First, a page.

To explain his writing process and the importance of the book, Momaday suggests that the responsibility of the imagination is to tell an old story in a new way. For him, the Kiowa migration is a blend of history, legend, and personal and cultural memory—history and imagination, he insists, express reality in equally valid ways. He states that the three major components of this story are the landscape, a time that is long past, and the enduring spirit of the Kiowas. Momaday explains that he is interested in telling this story in a way that reflects the way the mind understands, remembers, and creates traditions. The journey to Rainy Mountain, he suggests, is at its core an expression of the identity and spirit of the Kiowas, one that should be understood as beautiful rather than tragic.
The idea that imagination and history are equally important to a person’s concept of reality is key to this book. Because the Kiowas understood history through an oral tradition of stories that mixed fact and myth, a simple retelling of the provable facts of Kiowa history might account for the passage of time, but would entirely exclude any notion of how the Kiowas understood their own relationship to the past, and even their values and culture in the present. Momaday is emphasizing again that the book should be understood as a cultural history rather than a literal, linear one. Its goal is to account for the identity and culture of the Kiowas, which Momaday insists is an optimistic project rather than a tragic one.
Momaday then moves to give context for the mysterious history of the Kiowas, noting that they came from western Montana three hundred years beforehand, speaking a language that linguists have never been able to classify. Their journey southward was one “towards the dawn,” and that led to a “golden age” for the Kiowas. As they moved, they befriended the Crows, who introduced them to Plains culture and religion (including the Sun Dance, and Tai-me, the Sun Dance doll at the center of their worship). The Kiowas acquired horses on their journey, which transformed them into nomads and ruthless hunters. Through this journey they were liberated from an exclusive focus on survival, and they became dignified and visionary. Momaday notes the echo between this journey and the Kiowa creation myth that the tribe emerged into the world from a hollow log—that myth, like the tribe’s documented history, reflects a journey from darkness to light.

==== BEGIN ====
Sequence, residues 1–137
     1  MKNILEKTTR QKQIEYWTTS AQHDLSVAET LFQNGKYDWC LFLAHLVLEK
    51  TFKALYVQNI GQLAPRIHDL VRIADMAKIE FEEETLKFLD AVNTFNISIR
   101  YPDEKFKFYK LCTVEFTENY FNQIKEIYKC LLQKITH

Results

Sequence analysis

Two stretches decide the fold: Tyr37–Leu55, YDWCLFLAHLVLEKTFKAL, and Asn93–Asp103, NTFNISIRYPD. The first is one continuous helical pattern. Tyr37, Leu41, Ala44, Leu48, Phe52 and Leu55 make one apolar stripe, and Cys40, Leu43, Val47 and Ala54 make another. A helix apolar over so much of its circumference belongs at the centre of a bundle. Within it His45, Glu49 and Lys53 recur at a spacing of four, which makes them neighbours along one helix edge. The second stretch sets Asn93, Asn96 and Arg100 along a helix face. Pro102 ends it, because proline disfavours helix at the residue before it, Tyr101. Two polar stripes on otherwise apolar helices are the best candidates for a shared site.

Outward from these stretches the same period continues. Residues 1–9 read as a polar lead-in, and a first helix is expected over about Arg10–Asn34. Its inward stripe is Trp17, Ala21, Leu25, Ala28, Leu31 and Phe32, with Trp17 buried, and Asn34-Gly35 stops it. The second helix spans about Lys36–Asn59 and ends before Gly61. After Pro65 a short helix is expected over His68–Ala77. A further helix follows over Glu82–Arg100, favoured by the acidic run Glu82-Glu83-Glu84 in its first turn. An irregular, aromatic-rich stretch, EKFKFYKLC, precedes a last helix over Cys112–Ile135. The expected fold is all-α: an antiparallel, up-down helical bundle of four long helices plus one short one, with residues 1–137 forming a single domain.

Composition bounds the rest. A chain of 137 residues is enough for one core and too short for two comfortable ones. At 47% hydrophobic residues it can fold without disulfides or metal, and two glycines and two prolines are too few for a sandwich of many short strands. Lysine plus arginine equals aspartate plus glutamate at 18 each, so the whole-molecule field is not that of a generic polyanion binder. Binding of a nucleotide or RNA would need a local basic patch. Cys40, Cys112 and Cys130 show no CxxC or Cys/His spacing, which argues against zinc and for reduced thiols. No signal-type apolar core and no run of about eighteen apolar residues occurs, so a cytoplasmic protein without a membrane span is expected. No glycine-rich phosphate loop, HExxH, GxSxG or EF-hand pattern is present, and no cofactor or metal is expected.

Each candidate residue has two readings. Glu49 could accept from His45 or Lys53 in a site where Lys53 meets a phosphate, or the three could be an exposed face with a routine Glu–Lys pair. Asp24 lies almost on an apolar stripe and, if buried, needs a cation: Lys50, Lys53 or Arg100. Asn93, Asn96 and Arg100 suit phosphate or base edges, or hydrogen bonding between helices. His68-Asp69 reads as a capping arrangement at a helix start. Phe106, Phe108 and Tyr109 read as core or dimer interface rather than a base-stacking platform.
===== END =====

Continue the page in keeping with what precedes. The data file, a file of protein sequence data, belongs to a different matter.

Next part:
This is the true Kiowa origin story as Momaday sees it. Instead of being concerned with the literal formation of the tribe (a deeper origin than Momaday considers, perhaps because that history is unknown), he focuses on the Kiowa transformation into the great people he believes it was their nature to become. As such, the Kiowa “origin” story includes the influences of other tribes, the introduction of new religion, the adoption of horses, and the transformation of the Kiowa lifestyle. In other words, Momaday seems to suggest that the Kiowas did not start out as being fully Kiowa, but had to be made fully Kiowa over the course of a long journey. This is an unusual way to frame an origin, but it’s a particularly generous one in that it gives ample credit to the non-Kiowa influences that gave the Kiowas some of the most valued aspects of their culture. This is also a moment in which Momaday asserts the similarity between myth and historical fact; the Kiowa origin myth and the known history of the Kiowas both tell a story with a similar plot, one in which the Kiowas move from darkness into light.